Near the end of the quarantine, Dee texted her son to say she wasn’t feeling well. Her symptoms began with a bad headache, stomachache and some breathing problems. The couple decided to get tested for COVID-19 and Dee’s results came back positive.

“It’s hard to think about how they got [the virus] when they were careful, you know,” Fettig said, adding the couple that his parents vacationed with didn’t get sick.

As her symptoms worsened, Dee ended up in the hospital and was hooked up to a ventilator. By the time her family arrived, nurses had revived her twice. Phil signed a do not resuscitate order.

Since he’s at high-risk for contracting the virus, Fettig didn’t want to go on the COVID floor. His 26-year-old sister, Nikki, was allowed to sit in the unit’s waiting area but couldn’t go inside Dee’s room.

That left Phil, who received a positive test on the day his wife died but never showed any symptoms.

“If he hadn’t … been a positive patient, he wouldn’t have been able to go in the room at all to see my mom to say goodbye,” Fettig said.

Dee died on July 21. It had been just 11 days since she tested positive.

Dee’s funeral was held in early August, with the services livestreamed on the funeral home’s website for mourners who couldn’t attend in person.

“All the pictures, you know, it’s really hard seeing all those good memories flood back and then you’re just looking at the shell of the person you loved,” Luke said.

• • •

If you were young enough to be her grandchild, Carr was “Nana.”

Fettig spent summers with his cousins at the grandparents’ house, where their names were carved into the posts of the swingset Carr asked for as a Mother’s Day gift.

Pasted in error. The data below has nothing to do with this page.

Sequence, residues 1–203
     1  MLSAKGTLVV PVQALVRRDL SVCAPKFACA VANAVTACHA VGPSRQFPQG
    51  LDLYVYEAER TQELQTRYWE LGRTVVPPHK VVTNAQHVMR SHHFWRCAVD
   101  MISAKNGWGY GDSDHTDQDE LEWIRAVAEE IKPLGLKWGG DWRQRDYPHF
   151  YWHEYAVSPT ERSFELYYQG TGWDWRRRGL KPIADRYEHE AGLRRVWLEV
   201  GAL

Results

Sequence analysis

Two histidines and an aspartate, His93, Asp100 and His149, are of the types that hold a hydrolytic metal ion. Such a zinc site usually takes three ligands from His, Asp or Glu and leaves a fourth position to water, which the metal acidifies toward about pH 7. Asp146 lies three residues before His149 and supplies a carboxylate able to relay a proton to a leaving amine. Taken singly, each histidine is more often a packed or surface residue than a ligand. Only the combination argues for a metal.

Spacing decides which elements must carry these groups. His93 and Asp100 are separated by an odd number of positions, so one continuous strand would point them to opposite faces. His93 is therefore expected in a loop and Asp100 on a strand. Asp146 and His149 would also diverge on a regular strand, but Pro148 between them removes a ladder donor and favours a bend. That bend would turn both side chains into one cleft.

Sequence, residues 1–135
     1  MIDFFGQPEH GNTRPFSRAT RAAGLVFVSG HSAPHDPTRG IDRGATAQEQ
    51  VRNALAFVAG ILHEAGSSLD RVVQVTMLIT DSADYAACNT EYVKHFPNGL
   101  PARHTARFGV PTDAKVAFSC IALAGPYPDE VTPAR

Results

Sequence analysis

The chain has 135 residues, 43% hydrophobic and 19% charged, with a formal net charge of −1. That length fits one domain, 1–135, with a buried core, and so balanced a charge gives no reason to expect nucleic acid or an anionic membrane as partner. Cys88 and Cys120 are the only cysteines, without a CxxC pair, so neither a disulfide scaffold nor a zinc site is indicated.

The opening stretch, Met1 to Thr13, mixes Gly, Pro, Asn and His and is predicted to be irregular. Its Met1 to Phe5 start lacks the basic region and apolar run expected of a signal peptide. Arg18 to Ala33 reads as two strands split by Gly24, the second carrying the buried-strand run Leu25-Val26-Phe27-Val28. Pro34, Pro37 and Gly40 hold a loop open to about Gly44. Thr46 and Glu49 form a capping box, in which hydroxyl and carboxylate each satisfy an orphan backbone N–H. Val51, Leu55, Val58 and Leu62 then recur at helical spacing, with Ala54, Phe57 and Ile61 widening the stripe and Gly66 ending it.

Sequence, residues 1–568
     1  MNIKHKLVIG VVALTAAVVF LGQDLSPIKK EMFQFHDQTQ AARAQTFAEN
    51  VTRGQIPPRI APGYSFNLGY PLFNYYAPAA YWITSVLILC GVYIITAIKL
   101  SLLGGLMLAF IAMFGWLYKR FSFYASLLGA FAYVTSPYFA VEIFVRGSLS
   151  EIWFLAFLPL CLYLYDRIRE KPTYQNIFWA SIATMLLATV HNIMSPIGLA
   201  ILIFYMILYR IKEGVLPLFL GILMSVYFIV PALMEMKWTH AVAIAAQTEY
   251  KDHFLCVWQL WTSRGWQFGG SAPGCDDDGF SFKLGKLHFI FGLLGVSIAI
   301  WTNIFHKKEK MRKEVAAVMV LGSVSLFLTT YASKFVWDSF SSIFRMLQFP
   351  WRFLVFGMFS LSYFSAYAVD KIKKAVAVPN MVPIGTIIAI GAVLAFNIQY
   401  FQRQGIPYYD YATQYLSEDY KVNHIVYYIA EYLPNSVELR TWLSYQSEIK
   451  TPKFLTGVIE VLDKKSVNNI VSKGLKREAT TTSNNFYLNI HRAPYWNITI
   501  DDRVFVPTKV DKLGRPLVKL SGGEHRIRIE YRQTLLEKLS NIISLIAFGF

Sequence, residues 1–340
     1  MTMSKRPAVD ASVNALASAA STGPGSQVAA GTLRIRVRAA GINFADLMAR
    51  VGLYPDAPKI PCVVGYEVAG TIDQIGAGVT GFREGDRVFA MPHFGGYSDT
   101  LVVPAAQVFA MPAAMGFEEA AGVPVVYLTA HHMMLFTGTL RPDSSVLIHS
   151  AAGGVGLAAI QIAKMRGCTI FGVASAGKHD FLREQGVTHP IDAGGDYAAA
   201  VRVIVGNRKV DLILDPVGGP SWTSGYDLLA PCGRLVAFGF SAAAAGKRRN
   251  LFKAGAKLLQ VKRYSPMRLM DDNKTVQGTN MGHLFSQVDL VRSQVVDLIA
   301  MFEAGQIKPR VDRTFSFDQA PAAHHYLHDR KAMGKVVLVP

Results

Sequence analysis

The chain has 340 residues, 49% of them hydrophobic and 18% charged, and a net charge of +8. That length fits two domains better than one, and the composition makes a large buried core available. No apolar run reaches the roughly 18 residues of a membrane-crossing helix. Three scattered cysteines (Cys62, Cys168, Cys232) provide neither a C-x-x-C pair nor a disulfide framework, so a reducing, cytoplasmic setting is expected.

“It was a lot of love and that’s what hurts the most is all the love I’m missing out on,” Fettig said.

Before her retirement, she worked at local factories and fast food restaurants. She was a member of the Crescendos Chorus and Red Hat Society and was serious about her faith, regularly attending two churches. She was an avid viewer of “Days of Our Lives.”

Like her daughter, she enjoyed traveling. She once booked an excursion with a travel agency to Arizona, where she met another woman named Sharon and took in a hot air balloon festival.

In October, Carr went to a church event where Fettig said masks were not worn and one of the guests had tested positive for COVID-19.

Days later, Carr, who has an underlying lung condition, began experiencing a cough and shortness of breath. By the time she was hospitalized on Oct. 25, she required full-time oxygen and agreed to be hooked up to the ventilator.

“Her lungs just turned to cement,” Fettig said.

Due to the surge in cases, the immediate family held a closed funeral. Since then, Fettig, now in his fifth quarantine from possible exposure to the virus, says he’s tried to limit where he goes and uses grocery pickup.

He wants to see the government implement a full shutdown, pay people to stay home for six weeks, enforce mask mandates and pass a stimulus bill.

“I was worried enough before it took hold of my family and now that it’s done so much damage, it’s terrifying.”